Nick Ritchie

Getty Images

Patrick Kane, Matt Dumba slapped with fines

11 Comments

Patrick Kane and Matt Dumba have been hit with $5,000 fines for separate incidents stemming from Monday night’s action in the NHL.

Kane reacted to Nick Ritchie slashing him as both players headed to their respective benches by taking a 180-degree swing back at Ritchie in the third period.

Kane was handed a two-minute minor for slashing on the play.

Dumba’s fine stems from an unsportsmanlike incident that happened after the horn sounded to end the first period.

As Jets forward Joel Armia was skated back to Winnipeg’s bench, Dumba appeared to squirt a water bottle at him.

Dumba was given a two-minute minor on the play.

Armia found he incident laughable after the game.

“Of course it’s always funny when the other team gets angry or whatever,” he said. “I mean, that’s probably one thing we try to do every night, just work as hard as we can so the other team gets frustrated.”


Scott Billeck is a writer for Pro Hockey Talk on NBC Sports. Drop him a line at phtblog@nbcsports.com or follow him on Twitter @scottbilleck

Ducks send ’14 1st-rounder Ritchie back to junior, release Yip from PTO

1 Comment

The Anaheim Ducks sent a slew of prospects and veterans home from camp on Monday.

Nick Ritchie, the big-bodied forward taken 10th overall at this year’s draft, was returned to his OHL team in Peterborough while prospects Stefan Noesen (21st overall, 2011) and Nic Kerdiles (36th overall, ’12) were assigned to AHL Norfolk.

Louis Leblanc, the 18th overall selection in 2009, was put on waivers for the purpose of also going to Norfolk.

On the veteran front, four longtime NHLers — brendan Bell, Steve MacIntyre, David Steckel and Brad Winchester — are headed to the Admirals as well while Brandon Yip, who spent last season in the Coyotes organization, has been released from his professional tryout.

 

Get to know a draft pick — Nick Ritchie

Leading up to the 2014 NHL Entry Draft in Philadelphia, we’ll be profiling top prospects who may hear their names called Sunday in the first round. Nothing too in-depth. Just enough so you know who they are and what they’re about.

Nick Ritchie

Height: 6’3”  Weight: 236 Shoots: Left

Team: Peterborough Petes (OHL)

Country: Canada

NHL Central Scouting Ranking: No. 7 North American skater

What kind of player is he?

In a word, and it’s a word you’ll hear a lot, he’s “heavy.” He’s already a pro-sized power forward. He’s physical, he’s strong, he plays the kind of game that wears out opponents. Buffalo Sabres GM Tim Murray mentioned Ritchie as being one of those players that could wind up pushing their way up the draft order because of the “heavy” game he plays.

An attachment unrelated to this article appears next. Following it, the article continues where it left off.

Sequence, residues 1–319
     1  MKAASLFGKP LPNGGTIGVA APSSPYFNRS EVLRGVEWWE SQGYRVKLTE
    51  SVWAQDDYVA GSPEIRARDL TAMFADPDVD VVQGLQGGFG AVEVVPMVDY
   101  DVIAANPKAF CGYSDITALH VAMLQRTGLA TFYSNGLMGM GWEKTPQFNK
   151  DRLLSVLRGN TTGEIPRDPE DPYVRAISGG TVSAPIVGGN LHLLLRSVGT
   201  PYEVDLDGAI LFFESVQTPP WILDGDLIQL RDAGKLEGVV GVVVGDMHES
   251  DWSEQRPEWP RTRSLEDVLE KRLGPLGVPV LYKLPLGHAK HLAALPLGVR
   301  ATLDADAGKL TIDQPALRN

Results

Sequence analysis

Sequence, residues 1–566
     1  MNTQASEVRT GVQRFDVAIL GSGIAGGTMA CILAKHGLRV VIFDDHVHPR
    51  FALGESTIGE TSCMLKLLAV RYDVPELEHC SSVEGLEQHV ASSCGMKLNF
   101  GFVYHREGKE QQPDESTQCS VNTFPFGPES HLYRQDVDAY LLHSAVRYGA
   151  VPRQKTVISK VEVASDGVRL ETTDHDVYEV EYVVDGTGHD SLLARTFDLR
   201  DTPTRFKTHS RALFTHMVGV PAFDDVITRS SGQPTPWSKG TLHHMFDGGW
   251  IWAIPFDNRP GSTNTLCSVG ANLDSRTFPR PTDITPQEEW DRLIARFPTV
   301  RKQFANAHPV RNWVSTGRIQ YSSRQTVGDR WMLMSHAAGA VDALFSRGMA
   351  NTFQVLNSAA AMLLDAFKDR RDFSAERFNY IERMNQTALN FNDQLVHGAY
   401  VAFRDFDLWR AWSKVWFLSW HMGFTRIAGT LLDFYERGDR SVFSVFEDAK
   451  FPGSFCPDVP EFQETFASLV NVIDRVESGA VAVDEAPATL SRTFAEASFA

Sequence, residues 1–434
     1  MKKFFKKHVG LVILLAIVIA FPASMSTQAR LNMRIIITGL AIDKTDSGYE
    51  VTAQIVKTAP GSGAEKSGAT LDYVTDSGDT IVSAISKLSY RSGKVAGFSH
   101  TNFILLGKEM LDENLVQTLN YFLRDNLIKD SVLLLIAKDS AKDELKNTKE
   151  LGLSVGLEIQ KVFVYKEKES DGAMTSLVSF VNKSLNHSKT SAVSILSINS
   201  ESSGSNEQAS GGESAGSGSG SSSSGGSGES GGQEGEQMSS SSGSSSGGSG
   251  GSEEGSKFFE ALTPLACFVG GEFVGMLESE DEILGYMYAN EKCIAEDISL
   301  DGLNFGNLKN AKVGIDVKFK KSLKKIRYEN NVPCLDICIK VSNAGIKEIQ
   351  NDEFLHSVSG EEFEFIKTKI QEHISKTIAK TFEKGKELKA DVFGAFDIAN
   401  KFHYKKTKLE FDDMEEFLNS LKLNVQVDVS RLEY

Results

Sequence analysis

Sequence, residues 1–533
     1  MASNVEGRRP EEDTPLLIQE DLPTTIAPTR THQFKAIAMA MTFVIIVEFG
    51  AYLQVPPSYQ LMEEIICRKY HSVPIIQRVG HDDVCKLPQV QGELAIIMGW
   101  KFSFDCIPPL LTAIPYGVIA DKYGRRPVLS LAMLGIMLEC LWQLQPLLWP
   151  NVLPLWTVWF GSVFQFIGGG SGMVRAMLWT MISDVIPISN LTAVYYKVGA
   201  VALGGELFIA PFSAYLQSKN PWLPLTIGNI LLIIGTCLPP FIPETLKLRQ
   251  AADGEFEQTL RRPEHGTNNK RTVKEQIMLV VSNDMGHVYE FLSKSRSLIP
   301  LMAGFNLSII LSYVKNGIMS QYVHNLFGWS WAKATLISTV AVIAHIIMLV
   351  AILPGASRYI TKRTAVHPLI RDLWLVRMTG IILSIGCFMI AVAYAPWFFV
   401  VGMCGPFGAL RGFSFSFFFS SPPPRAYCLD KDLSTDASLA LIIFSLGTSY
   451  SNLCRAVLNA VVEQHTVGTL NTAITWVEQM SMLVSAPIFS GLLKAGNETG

“There are some guys that aren’t being talked about that are potentially part of that [group of high-end talent],” Murray said. “It’s a copycat League, so L.A. wins the Cup again and the terminology that they’re ‘heavy’ and you’ve got guys like [Nick] Ritchie and [Jake] Virtanen that are good players that are ‘heavy’ and teams are looking for ‘heavy.'”

The big question with Ritchie is whether that size meshes with talent to make him a top NHL player. The debate on where to take him in the draft centers around that question. He could go in the Top 10 or he could slip to near 20. After seeing speedy skill players that can play physical have success in the postseason, some teams could get spooked on Ritchie’s size alone.

Quotable:

TSN’s Craig Button is one of the top scouting voices in the business and he said Ritchie’s size is what sets him apart as Michael Traikos of The National Post shared.

“Physically, he’s so far advanced,” Button said. “If you put him in the NHL right now, he’s a big man. But the biggest thing with Nick is developmental. He needs maturing.”

Mark Seidel, the Chief Scout at NACScouting has this to say about Ritchie:

“Nasty streak that scares opponents. He showed an ability to fight very well and is a lefty. Dominant at times, physical specimen, looked disinterested at times, very heavy shot. He goes through guys when he wants to, exceptional for some games and then invisible for others. He has the most upside of ANY forward in the draft. Impossible to move when he went to the front of the net.”

For more 2014 NHL Draft profiles, click here.